The Guyon’s Canal, also known as the ulnar canal, is a fibro-osseous tunnel located on the anteromedial side of the wrist, extending from the proximal end of the pisiform to the level of the hook of hamate . This canal was first described in 1861 by Guyon  as an intra-aponeurotic compartment with its anterior wall being formed by a fibrous layer and its posterior wall being formed by the anterior carpal ligament.
Guyon described the canal as having a medial wall formed by the pisiform, coated with aponeurotic tissue proximally and fascia covering the hypothenar eminence distally . Cobb et al.  described the lateral boundary of the Guyon’s canal as extending to, but not attaching to the hook of hamate, thus allowing for the ulnar artery and sensory components of the ulnar nerve (UN) to take a radial course in relation to the hook of hamate. The roof of the Guyon’s canal is formed by the distal extension of the antebrachial fascia, also known as the palmar carpal ligament, and adipose tissue. However, the hook of hamate does not form a true lateral wall for the canal [3, 4]. The lateral border of the canal is also formed partially by the insertion of the palmaris brevis muscle into the flexor retinaculum .
Although the terminology “Guyon’s canal” is widely accepted, there have been several proposals of alternate names of the canal in the literature. McFarlane et al. , who observed the palmaris brevis more distal but in the same position as Guyon, along with Enna et al.  suggested the term piso-hamate tunnel. Denman  noted that the ulnar carpal space passes beyond the level of the hook of hamate and that the palmaris brevis muscle forms the radial boundary of the space upon joining the flexor retinaculum. Therefore, he concluded that this region should be referred to as the piso-retinacular space and the passage of the deep branch of the UN be called the piso-hamate tunnel .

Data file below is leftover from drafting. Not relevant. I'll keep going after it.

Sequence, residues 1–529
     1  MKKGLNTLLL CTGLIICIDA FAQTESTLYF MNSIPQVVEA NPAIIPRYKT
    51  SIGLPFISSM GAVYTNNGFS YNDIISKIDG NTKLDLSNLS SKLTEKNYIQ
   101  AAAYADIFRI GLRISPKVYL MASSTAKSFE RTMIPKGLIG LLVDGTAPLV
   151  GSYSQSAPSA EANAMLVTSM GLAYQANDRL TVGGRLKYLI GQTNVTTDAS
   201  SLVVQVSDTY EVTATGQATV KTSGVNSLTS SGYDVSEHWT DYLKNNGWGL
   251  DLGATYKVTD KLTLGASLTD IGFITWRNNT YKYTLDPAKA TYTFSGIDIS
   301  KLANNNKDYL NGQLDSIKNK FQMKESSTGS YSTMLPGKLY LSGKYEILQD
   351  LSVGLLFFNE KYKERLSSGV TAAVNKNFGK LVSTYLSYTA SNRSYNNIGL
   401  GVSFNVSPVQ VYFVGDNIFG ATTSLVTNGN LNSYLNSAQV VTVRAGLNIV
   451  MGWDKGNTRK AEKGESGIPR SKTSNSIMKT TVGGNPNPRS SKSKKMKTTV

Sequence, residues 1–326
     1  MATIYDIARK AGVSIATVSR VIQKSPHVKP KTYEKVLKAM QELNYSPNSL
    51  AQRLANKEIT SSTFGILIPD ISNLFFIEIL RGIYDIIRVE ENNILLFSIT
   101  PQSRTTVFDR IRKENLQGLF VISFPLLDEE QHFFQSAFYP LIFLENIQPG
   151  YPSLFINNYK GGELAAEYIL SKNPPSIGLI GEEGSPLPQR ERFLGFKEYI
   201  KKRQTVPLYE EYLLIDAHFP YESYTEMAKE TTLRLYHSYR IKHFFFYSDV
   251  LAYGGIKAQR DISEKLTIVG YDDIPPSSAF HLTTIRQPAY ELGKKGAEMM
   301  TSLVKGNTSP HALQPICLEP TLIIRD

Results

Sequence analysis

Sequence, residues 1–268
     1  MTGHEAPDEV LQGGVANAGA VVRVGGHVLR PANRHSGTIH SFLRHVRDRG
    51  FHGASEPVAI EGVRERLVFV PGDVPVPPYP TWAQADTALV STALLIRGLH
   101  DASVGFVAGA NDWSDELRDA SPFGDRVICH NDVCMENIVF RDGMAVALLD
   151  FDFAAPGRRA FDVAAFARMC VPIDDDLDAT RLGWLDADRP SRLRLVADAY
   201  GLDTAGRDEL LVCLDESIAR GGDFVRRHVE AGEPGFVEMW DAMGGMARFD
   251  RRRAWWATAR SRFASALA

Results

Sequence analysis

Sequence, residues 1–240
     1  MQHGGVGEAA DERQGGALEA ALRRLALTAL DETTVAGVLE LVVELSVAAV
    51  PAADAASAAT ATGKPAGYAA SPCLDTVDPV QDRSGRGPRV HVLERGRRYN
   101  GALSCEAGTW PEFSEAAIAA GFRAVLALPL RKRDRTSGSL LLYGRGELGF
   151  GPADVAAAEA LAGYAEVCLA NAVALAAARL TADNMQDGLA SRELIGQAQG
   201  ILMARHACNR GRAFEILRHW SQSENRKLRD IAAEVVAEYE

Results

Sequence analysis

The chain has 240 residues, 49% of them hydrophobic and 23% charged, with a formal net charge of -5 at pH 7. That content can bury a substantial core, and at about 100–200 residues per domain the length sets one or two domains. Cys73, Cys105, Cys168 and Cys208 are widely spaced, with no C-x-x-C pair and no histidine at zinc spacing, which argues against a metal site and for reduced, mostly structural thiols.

The Guyon’s canal and its anatomy are important in understanding the diagnosis and treatment of ulnar tunnel syndrome, also known as Guyon’s canal syndrome . The compression of the UN within the Guyon’s canal produces a wide range of symptoms, including wrist pain radiating to the ulnar two digits associated with motor and sensory deficits . Accessory muscles are the most common anatomical variations within the Guyon’s canal which might contribute to the symptoms of ulnar tunnel syndrome . The symptoms might also be associated with the piso-hamate hiatus located between the piso-hamate ligaments and fibrous arch at the origin of the hypothenar eminence, a site where the deep branch of the UN might be compressed . Furthermore, anatomical knowledge of the canal and the UN can be critical in surgical procedures of the hand [8–10].
Taking into account the clinical importance of UN compression in the Guyon’s canal and the anatomical variability of the canal, this paper aimed to: (1) identify where the UN splits into its superficial and deep branches and the distance from the pisiform to its point of branching; (2) identify the distribution and variations in the branches of the UN; and (3) evaluate where the palmar cutaneous branch leaves the Guyon’s canal; and (4) histologically evaluate cross sections of the UN.